How the National Labor Relations Act Was Stolen and How it Can Be Recovered: Taft-Hartey Revisionism and the National Labor Relations Board's Appointment Process
72 Pages Posted: 24 Oct 2011 Last revised: 13 Nov 2019
Date Written: October 23, 2011
This article challenges and refutes the conventional wisdom that the Taft-Hartley Act changed the basic policy of the National Labor Relations Act (NLRA or Act). It identifies two interrelated phenomena as factors primarily responsible for the longstanding inability of the National Labor Relations Board (NLRB or Board) to adequately protect employees in their right to unionize and engage in collective bargaining. One phenomenon is the longstanding revisionism that distorted perception of the Act's policy. The other is the repetitive abuse of the Board's appointment process. The article also demonstrates that the NLRB's shortcomings have resulted primarily from the agency's failure to vigorously enforce existing law and to utilize innovative measures already available under the Act rather than from the Act's textual insufficiencies.
The article points out that although Taft-Hartley in its substantive content is a union- regulatory statute that severely reduced the power of unions in the collective bargaining process and in their relationship to their members, the Taft-Hartley Congress nevertheless reenacted - and even enhanced - the Wagner Act's statutory policy of encouraging and protecting union organizing and collective bargaining. That unambiguous declaration of policy, plus total retention of the Wagner Act's pro-union and pro-collective-bargaining substantive provisions, was the price Taft-Hartley's sponsors had to pay to garner sufficient votes to override President Truman's anticipated veto. Yet, notwithstanding the textual clarity of that policy and its consistent legislative history, and even its later reenactment with stronger language in the Landrum-Griffin Act, organized management and their Republican allies disseminated over a period of several decades false and revisionist versions of that policy. Those versions assert that Taft-Hartley altered the Act's policy by emphasizing employee free-choice - a concept allegedly based on Taft-Hartley's recognition of the right of employees “to refrain” from union activity. That provision, however, was originally viewed as minor and of little consequence. By explicit amendment on the floor of the Senate it was strictly confined to protecting only against union acts that “restrain or coerce” employees in the exercise of their right to refrain, thus expressly allowing unions to “interfere with” that right - which is consistent with the Act's statutory encouragement of union organizing and collective bargaining. Consequently, this “right to refrain” was conspicuously excluded from each of Congress's several declarations of national labor policy. Nevertheless - despite such unambiguous statutory text and clear legislative history - the revisionist version became conventional wisdom, which has resulted in serious damage to the credibility of the NLRB and the public's perception of that agency.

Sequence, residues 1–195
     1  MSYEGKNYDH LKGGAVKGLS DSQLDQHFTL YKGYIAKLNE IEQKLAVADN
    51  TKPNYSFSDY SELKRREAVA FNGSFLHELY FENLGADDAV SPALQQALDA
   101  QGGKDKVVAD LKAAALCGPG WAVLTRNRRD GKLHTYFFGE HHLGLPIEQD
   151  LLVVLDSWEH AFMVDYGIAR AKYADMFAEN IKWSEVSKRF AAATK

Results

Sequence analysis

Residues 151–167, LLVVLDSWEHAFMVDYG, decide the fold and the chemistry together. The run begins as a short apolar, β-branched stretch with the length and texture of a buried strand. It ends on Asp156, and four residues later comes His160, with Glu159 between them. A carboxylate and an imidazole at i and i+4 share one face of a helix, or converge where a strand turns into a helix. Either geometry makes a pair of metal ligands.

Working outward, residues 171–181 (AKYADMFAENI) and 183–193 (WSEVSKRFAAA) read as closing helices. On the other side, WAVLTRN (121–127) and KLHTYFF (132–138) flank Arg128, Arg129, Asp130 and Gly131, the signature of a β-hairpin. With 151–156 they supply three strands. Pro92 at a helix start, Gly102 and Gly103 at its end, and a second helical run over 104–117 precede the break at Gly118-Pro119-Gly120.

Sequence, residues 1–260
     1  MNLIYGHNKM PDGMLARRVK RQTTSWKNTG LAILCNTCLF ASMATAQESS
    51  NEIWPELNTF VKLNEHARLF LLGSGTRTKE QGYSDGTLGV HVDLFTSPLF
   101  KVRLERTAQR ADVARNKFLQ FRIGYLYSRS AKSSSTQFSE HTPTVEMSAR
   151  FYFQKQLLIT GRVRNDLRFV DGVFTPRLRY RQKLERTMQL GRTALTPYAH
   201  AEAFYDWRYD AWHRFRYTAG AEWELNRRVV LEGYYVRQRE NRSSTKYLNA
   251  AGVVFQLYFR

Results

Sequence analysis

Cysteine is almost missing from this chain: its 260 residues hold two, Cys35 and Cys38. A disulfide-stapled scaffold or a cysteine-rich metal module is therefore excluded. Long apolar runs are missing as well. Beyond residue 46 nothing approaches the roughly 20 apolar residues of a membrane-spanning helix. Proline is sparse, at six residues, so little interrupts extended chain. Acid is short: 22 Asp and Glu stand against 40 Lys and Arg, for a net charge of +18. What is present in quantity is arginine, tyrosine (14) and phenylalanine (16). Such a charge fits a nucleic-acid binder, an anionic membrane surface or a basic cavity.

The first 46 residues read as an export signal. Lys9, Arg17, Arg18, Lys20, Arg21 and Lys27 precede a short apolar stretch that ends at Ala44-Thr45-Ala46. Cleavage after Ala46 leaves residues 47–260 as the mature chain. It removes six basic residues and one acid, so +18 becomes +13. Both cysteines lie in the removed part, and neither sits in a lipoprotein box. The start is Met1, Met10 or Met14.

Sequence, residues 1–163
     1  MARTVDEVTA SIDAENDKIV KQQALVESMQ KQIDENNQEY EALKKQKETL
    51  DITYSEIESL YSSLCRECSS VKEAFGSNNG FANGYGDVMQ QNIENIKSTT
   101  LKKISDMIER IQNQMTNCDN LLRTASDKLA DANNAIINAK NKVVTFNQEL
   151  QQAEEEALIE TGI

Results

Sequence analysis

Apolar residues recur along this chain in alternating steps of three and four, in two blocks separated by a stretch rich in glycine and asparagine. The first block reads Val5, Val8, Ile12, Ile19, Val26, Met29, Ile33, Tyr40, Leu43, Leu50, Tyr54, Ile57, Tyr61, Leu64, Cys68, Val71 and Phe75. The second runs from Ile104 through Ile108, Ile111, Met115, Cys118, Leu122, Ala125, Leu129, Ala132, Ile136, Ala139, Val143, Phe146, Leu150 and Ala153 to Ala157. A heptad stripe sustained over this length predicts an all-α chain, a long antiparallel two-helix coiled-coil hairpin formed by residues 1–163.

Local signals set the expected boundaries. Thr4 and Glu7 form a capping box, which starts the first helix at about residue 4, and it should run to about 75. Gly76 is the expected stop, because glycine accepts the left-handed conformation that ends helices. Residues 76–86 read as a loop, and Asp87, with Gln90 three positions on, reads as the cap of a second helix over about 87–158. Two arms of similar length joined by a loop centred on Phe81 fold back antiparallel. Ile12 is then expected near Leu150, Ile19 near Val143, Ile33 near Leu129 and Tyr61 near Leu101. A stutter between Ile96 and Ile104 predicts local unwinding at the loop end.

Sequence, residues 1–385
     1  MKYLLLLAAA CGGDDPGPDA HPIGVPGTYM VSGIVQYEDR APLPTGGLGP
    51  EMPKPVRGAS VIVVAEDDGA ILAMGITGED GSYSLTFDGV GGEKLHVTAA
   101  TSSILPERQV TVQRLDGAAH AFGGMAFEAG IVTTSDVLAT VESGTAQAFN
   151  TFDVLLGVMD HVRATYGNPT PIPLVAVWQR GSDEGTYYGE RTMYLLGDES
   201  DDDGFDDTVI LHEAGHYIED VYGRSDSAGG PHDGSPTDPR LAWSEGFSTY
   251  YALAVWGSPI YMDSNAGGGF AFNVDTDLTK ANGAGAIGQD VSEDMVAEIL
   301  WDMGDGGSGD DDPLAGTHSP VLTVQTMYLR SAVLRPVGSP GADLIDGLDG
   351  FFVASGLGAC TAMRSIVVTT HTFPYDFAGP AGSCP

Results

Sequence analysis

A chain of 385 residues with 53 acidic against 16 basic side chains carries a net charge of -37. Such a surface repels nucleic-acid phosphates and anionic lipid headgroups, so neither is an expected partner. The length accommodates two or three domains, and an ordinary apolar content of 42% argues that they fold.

The phenomenon of abuse of the appointment process was the practice by every Republican President of appointing a critical number of Board Members and General Counsels who were opposed to the NLRA's basic policy. This resulted in Boards that were highly successful in protecting employers from disruptive union economic power - such as secondary boycotts and economic strikes without permanent replacements - but relatively impotent in providing strong protection for employees regarding their rights to join unions and engage in meaningful collective bargaining in accordance with the Act's underlying policy.
The article recommends a corrective program of intensive truth-telling that might produce Labor Boards willing to use the broad and flexible text of the Act to accomplish effective enforcement.
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